WHO launches roadmap to defeat meningitis by 2030
Today, in Geneva, Dr Tedros Adhanom Ghebreyesus, Director-General of the World Health Organization and partners launched “Defeating Meningitis by 2030: A Global Roadmap”.
Despite successful efforts to control meningitis in several regions, meningitis continues to be a major public health issue.
Professor Sir Brian Greenwood, co-chair of the Task Force supporting the implementation of the roadmap and Editor-in-Chief of our journal Transactions, in an editorial backing the roadmap, states:
“The success of vaccination programmes has led to a perception in some organisations that the problem of ABM [acute bacterial meningitis] is over, but the numbers [sic] show that this is not the case and that there is still much more that needs to be done to bring ABM under full control.”
Epidemics strike fast
Indeed, meningitis still kills about 250,000 people annually and leaves at least one in ten of those affected with long-term devastating sequelae.
Acute bacterial meningitis is also associated with a high fatality (at least 50% when untreated), with early antibiotic treatment being the most important measure to save lives and reduce complications.
Meningitis epidemics can strike fast, are unpredictable and cause massive disruption to communities and health systems, as well as creating poverty by generating catastrophic expenditures for households and communities.
Over the last ten years, meningitis epidemics have occurred in all regions of the world, though most commonly in the "Meningitis Belt", which spans 26 countries across Sub-Saharan Africa.
Dr Tedros said: “It is time to tackle meningitis globally once and for all – by urgently expanding access to existing tools like vaccines, spearheading new research and innovation to prevent, detecting and treating the various causes of the disease, and improving rehabilitation for those affected.”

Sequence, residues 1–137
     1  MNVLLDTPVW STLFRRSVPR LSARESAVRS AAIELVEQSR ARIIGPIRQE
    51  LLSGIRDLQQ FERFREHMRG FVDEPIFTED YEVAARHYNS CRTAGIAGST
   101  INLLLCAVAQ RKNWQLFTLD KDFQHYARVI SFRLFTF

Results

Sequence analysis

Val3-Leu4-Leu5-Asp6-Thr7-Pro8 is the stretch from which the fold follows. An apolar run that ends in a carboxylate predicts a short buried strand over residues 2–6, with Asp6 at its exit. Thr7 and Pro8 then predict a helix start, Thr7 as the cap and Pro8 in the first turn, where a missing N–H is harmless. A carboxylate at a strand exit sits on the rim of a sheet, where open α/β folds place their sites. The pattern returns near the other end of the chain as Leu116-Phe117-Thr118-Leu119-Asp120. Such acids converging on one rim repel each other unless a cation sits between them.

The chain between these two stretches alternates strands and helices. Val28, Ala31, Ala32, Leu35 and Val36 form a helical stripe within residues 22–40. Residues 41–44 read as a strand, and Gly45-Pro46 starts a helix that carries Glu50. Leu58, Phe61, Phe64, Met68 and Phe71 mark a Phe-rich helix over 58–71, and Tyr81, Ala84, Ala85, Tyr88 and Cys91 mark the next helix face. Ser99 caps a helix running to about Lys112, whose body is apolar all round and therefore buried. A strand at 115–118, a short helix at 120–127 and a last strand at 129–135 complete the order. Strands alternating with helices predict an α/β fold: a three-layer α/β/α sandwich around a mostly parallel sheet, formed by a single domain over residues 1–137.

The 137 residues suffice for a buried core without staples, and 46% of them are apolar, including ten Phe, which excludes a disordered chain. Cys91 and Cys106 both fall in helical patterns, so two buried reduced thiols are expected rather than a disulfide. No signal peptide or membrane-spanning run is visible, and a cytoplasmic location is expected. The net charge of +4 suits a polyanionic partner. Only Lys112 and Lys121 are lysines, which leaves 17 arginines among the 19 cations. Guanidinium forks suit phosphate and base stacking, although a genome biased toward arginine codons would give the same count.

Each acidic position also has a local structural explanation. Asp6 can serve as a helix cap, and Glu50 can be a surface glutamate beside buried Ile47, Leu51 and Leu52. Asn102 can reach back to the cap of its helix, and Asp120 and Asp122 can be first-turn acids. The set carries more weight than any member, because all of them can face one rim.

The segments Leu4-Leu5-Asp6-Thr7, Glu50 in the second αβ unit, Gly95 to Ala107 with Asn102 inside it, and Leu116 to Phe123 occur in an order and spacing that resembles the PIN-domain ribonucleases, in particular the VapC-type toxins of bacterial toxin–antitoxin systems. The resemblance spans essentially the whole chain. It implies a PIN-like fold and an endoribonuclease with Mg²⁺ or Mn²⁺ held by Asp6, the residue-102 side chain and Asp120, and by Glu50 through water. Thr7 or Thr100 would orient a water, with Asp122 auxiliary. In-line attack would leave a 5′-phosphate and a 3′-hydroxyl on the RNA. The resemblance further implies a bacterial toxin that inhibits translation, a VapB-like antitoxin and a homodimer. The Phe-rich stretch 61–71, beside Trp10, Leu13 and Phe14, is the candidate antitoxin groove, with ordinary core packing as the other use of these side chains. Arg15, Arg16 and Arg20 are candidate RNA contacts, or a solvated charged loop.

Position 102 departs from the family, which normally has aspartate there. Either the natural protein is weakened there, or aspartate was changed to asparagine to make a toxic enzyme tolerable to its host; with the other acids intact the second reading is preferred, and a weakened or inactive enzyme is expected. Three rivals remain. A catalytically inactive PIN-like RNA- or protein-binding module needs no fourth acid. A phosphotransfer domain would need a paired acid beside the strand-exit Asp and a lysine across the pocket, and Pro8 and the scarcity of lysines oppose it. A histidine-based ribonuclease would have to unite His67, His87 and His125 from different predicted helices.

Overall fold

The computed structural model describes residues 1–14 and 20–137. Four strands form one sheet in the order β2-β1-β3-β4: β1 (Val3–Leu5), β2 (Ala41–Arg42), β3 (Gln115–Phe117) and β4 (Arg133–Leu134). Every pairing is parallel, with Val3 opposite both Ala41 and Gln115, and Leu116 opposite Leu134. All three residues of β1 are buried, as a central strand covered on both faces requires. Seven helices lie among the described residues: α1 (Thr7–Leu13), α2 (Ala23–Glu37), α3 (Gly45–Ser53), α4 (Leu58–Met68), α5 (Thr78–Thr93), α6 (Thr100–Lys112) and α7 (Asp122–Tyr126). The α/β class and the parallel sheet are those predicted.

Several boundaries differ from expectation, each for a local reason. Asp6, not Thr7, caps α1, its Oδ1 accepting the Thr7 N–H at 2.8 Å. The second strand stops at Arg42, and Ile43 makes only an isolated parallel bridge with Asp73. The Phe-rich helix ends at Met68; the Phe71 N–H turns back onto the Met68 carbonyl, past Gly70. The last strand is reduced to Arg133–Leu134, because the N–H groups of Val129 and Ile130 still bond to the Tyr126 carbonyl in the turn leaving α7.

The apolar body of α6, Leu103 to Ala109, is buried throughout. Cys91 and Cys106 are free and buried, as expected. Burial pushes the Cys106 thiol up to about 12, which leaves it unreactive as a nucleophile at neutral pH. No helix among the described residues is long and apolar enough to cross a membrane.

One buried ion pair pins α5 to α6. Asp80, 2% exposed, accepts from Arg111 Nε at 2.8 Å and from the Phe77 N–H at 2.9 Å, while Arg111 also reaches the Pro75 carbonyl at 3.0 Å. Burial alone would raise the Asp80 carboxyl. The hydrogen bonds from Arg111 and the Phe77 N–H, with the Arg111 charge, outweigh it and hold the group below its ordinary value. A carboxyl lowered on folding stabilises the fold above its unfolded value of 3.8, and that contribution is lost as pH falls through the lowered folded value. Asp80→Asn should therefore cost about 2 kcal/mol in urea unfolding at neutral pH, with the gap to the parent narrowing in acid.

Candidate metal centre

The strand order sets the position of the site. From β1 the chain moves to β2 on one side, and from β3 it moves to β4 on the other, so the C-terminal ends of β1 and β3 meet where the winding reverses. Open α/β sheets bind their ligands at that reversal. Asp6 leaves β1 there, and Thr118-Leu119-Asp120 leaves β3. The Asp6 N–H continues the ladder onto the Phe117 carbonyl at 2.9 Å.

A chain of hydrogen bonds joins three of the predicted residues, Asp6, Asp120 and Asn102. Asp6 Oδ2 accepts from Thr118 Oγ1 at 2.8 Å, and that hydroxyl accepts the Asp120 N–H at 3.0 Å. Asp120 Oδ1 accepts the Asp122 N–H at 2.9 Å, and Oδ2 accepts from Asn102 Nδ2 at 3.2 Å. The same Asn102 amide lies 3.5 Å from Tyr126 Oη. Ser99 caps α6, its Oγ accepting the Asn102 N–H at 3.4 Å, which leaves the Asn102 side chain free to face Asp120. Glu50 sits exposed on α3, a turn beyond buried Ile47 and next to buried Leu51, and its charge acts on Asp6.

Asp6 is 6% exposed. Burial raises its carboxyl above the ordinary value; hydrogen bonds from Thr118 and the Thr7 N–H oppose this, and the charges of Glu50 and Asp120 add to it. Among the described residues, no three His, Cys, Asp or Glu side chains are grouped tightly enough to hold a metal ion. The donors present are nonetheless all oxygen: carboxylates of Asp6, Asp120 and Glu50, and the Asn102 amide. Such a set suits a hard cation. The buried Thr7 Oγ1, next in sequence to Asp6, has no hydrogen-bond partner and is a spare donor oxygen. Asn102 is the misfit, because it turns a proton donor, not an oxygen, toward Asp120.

Three visionary goals
Overwhelmingly endorsed by Members States at the 73rd Session of the World Health Assembly in January this year, the roadmap includes three visionary goals, namely to:
- eliminate epidemics of bacterial meningitis
- reduce cases of vaccine-preventable bacterial meningitis by 50% and deaths by 70% and
- reduce disability and improve quality of life after meningitis of any cause.
An ambitious target
While research is underway to develop vaccines for other causes of meningitis, such as Group B Strep bacteria, there remains an urgent need for innovation, funding and research to develop more meningitis-preventive vaccines. Efforts are also needed to strengthen early diagnosis, treatment and rehabilitation for all those who need it after contracting the disease.
As well as backing the roadmap, Professor Greenwood, calls for more funding to ensure the roadmap meets its ambitious goals:
“Different institutions have been given overall responsibility for moving forward individual components of the road map and the Taskforce will continue to provide overall technical leadership and coordination. However, none of this will be possible unless enough resources are made available to take forward the key activities proposed.
“Although the main burden of meningitis is in poor countries, acute bacterial meningitis is a global problem with no country being spared its devastating impact.”
“Thus, containing this serious group of infections needs a global response. This is what the roadmap sets out to achieve, bringing together – under the umbrella of WHO – health professionals from across the world to bring this condition under control by 2030.”
COVID-19 and meningitis
As with many other infections, the ongoing COVID-19 pandemic has had an impact on meningitis.
Lockdowns and other control measures have resulted in a drop in vaccination rates, but also a slowing down in the spread of pathogens.
Professor Greenwood goes on to say:
“This short-term positive situation could lead to a dangerous disinterest in the fight against the pathogens responsible for ABM which would compromise the achievement of the objectives of the road map, unless vigorous efforts are made to counter this complacency.”
RSTMH and the roadmap
Professor Greenwood concluded:
"Acute bacterial meningitis is a problem across the globe and achieving the goals of the roadmap will require a global response.
"RSTMH, through its membership across the globe. including in low and middle income countries where the burden of ABM is highest, is in a strong position to help in achieving the goal of ‘defeating meningitis by 2030’, a challenging but achievable objective."